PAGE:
Posts Tagged ‘International Space Station’

09/28/2017 – Ephemeris – View the Moon and Saturn tonight at the library

September 28, 2017 Comments off

Ephemeris for Thursday, September 28th. The Sun will rise at 7:37. It’ll be up for 11 hours and 51 minutes, setting at 7:28. The Moon, 1 day past first quarter, will set at 1:05 tomorrow morning.

Tonight the Grand Traverse Astronomical Society will set up their telescopes at the Traverse Area District Library Central Library on Woodmere Avenue in Traverse City from 7 to 9 p.m. weather permitting for a star party, though it won’t actually feature stars. It will feature the Moon in its gibbous phase and the planet Saturn probably after 8 p.m. We might also catch a glimpse of the Sun, since the event starts before sunset. The Sun’s sunspot activity has picked up a bit in the last month or so, since just before August’s solar eclipse. We’ve had a pretty sunspot-less early summer.

There will be a visible pass of the International Space Station, which will be high in the south at 8:30 p.m.  It will rise above the southwestern horizon at 8:25, and disappear into earth’s shadow at 8:33 p.m. in the south-southeast.  It will be visible from anywhere in Michigan, though the times may vary by a minute or so.  It’s traveling at 5 miles per second (8 km/s).

The library has a telescope, donated by the society and Enerdyne that they lend out, which has been in heavy demand. See the library for details.

The times given are for the Traverse City/Interlochen area of Michigan. They may be different for your location.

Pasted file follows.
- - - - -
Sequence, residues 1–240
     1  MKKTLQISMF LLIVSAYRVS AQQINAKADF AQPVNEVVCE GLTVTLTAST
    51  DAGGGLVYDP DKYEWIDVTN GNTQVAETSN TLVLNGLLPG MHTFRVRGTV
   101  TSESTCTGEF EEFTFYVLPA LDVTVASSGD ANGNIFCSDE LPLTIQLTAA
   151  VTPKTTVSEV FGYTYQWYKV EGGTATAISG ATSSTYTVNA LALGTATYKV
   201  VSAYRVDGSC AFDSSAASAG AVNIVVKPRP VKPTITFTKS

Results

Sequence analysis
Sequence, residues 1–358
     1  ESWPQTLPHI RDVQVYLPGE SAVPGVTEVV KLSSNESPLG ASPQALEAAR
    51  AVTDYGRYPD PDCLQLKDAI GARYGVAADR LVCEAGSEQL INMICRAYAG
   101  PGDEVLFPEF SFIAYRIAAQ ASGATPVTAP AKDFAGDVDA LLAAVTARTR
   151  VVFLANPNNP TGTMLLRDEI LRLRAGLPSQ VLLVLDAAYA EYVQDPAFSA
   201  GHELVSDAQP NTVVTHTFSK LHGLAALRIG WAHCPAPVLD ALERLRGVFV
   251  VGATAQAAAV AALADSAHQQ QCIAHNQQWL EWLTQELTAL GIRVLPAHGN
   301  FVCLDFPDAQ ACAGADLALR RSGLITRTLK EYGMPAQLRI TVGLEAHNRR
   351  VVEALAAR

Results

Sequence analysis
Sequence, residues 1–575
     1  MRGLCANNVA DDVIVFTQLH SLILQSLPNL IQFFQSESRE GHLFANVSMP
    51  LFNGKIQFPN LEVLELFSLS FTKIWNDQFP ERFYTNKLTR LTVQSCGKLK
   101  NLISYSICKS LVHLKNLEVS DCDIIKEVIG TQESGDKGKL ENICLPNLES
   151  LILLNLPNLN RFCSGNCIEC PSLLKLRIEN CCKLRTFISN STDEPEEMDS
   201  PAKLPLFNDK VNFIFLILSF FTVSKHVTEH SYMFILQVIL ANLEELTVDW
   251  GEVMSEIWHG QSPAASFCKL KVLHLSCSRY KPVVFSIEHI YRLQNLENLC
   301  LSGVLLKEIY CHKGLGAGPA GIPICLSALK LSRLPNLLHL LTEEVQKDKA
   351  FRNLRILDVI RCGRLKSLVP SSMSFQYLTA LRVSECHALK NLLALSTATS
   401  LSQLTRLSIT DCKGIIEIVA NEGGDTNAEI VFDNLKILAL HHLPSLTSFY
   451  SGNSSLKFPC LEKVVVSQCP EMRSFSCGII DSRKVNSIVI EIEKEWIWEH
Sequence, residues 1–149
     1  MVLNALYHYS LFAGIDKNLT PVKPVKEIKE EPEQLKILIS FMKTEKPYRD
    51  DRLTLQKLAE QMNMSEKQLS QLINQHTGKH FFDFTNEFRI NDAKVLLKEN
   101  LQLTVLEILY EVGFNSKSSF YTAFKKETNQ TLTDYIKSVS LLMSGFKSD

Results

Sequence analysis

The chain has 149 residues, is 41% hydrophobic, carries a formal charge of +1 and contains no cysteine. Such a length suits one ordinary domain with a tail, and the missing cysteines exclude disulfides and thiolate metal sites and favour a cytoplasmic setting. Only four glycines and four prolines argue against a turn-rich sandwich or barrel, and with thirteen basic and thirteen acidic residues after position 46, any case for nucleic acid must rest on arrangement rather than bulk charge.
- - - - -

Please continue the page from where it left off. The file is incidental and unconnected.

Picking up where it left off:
04/21/2016 – Ephemeris – Up up and a way my beautiful balloon*

April 21, 2016 Comments off

Ephemeris for Thursday, April 21st.  The Sun rises at 6:47.  It’ll be up for 13 hours and 48 minutes, setting at 8:36.   The Moon, 1 day before full, will set at 7:16 tomorrow morning.

The successful launch of the SpaceX Falcon 9 spacecraft and the Dragon module marked the returned SpaceX to supplying the International Space Station after its failure last June.  Besides the great achievement of landing the first stage of the Falcon on a barge, it delivered the Bigelow Aerospace BEAM inflatable module to the ISS.  It’s already been attached to the station and will be inflated next month.  Bigelow already has two inflatable satellites in orbit:  Genesis I and II launched in 2006 and 2007 and though retired, are still in orbit.  Inflatable spacecraft offer maximum volume for minimum weight.  If the tests on the space station prove the concept, the Mars manned spacecraft may feature an inflatable living module.

Times are for the Traverse City/Interlochen area of Michigan. They may be different for your location.

*Apologies to the 5th Dimension and Bigelow Aerospace.


Loading BEAM

The BEAM module being loaded in the Dragon Trunk. Credit NASA / SpaceX.

BEAM in the trunk

Dragon separating from the Falcon second stage with the BEAM module seen in the Dragon trunk. From a SpaceX/NASA video.

Inflated BEAM

What the BEAM module will look like when attached to the ISS and inflated. Credit NASA.


Cutaway view of the Bigelow Aerospace B330 Expandable Space Habitat. They are contracting with United Launch Alliance to send it into orbit. It will have 330 cubic meters of volume. Credit Bigelow Aerospace.